Date: April 25, 2021; Length: 13.5 miles; Duration: 4 hours 15 min
Street or neighborhood parking with a short walk through the park leading to plenty of flat open grass and rocks just before the water to put in off.
On the downriver right side of the bridge is a dock and landing to take out at. The park has plenty of parking and a restroom as well.
For how wide and flat of a section this is there was a decent current much of the way. A strong wind at the back definitely helped, but even that wasn't enough to feel like I was really getting anywhere in my paddling. With constant paddling, I still barely averaged about three miles per hour. Yet the experience could have been worse with lower or higher levels as this river can greatly fluctuate.
Going into paddling this section of the Rock, I wasn't expecting much for natural scenery. But I was surprised at what it was actually like in banks mostly lined with trees and otherwise more open grassy areas. That combined with a lack of houses much of the way gave this section of river more of a natural feel than what I would have thought.
From jumping fish to a deer running back off into the woods to what I believe was a weasel crawling around on some rocks, this trip offered a variety of wildlife encounters. And then there were the endless amounts and types of birds. The more typical ducks, geese (a couple big groups), and flying hawks were spotted but several blue herons and sandhill cranes were as well as a big group of pelicans.
Gradient: ~1 foot per mile. Riffles to start then not much of a current the rest of the way.
Experience Paddling at this Water Level: At this level the river wasn't overly flooded as it often gets nor was it too shallow to paddle on. A little higher level couldn't hurt though to get a little better flow.
Here is information on stream gauge readings around the date of this paddle (Note: Gauge located in Watertown, a short distance downriver of the dam and upriver of the Schaller Park.):
The Rock is a river in southern Wisconsin that flows southwest into Illinois before reaching the Mississippi River. Over the last two years, I have paddled on two other sections of the Rock River, both upriver of this one, which I found in Mike Svob’s book Paddling Southern Wisconsin. The section was Watertown to Johnson Creek, a 13.5 mile route of the Rock. A few years ago I ended my Rock River trip in Watertown, but this year’s put in was a few miles down river from there, thanks to two dams in the short stretch to the town.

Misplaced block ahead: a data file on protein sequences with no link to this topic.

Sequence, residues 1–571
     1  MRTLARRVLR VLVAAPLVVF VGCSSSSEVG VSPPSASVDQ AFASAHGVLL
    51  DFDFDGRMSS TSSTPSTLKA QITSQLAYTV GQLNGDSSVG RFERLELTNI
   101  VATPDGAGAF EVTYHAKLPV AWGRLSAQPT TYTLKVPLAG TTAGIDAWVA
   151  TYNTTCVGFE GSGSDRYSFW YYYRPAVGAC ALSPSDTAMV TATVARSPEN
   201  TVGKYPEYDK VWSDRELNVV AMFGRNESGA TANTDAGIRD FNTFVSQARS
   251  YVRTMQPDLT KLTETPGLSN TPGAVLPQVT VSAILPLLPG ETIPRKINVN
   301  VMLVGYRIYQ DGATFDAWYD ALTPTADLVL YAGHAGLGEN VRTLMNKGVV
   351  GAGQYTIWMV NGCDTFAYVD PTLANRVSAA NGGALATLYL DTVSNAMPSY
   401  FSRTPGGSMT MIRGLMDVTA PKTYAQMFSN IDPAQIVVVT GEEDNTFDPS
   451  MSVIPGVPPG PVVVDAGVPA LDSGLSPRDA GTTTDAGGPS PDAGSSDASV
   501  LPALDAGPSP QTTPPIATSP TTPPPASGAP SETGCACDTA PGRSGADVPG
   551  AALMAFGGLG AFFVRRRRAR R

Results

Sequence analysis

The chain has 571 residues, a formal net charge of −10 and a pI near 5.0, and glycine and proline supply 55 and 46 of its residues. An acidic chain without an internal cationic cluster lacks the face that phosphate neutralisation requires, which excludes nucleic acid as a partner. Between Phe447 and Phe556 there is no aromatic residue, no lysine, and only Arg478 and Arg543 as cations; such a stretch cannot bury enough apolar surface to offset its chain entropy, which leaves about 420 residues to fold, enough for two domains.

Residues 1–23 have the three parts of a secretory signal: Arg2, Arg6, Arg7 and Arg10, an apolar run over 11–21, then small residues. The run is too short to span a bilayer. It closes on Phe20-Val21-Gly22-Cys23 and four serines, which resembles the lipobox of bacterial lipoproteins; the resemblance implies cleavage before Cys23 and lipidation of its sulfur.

With my route set, I parked my car at the Rock River Park and Landing in Johnson Creek just off County Road B and got ready to hike up to Watertown. After about three hours of walking along county roads I reached my put in of Schaller Park in Watertown. Parking was nonexistent here, but could be done on the side of a nearby neighborhood street. The park had a big open grass area that led to the water’s edge where rocks separated the two. So I had plenty of room to set up, inflating my packraft and strapping down my backpack, while actually getting on the water required more improvising, putting in off the rocks. Once on, I experienced a few riffles, which would be the first and last of them to this section. The river remained pretty wide, yet had a decent current thanks to the wind at my back most of the way. The water had a light brown color to it without much clarity, which would be useful in spotting down trees, though it was pretty clear of them, and just getting a sense of how shallow the water was to avoid scraping or getting stuck. This river is notorious for fluctuating in water level with flooding more common than it being too shallow, but this time around it was a good in-between. Bays still occasionally occurred, with a big one named Hahn’s Lake around the halfway point of this trip. Islands were less common but here and there. Beyond the water, the banks were typically lined with trees, with some open grassy spots in there as well. Houses were pretty common, as were a couple bridges, in the first couple miles but both of these became scarce over the next ten miles. With this lack of development came an abundance of wildlife. There were a handful of fish spotted jumping out of the water, along with a deer on a wooded bank that headed farther into the trees and what I believe was a weasel crawling around on some rocks. Then there were all the birds, from ducks, geese, and hawks, to blue herons, sandhill cranes, and a big group of pelicans. The bird encounters just kept coming. People on the other hand were less common of a sight as I was the only paddler, but did come across two boats around Cappie’s Landing just down river of the highway 26 bridge early in the trip.
After a little over four hours I passed the interstate 94 then County B bridge, taking out on the right where both a landing and dock are available. There is also plenty of parking and a restroom here as well. To keep my packraft as clean as possible I made use of the convenient dock when deflating and packing it away. This ended my third outing on the Rock River. Looking back on this section of it, the wildlife was the obvious highlight for not just the amount that I spotted but the variety in birds and a few less common sightings of a deer and a weasel. At this point I’ve paddled about 46 miles of the Rock and I look forward to adding to this total with another section next year, most likely up river of here.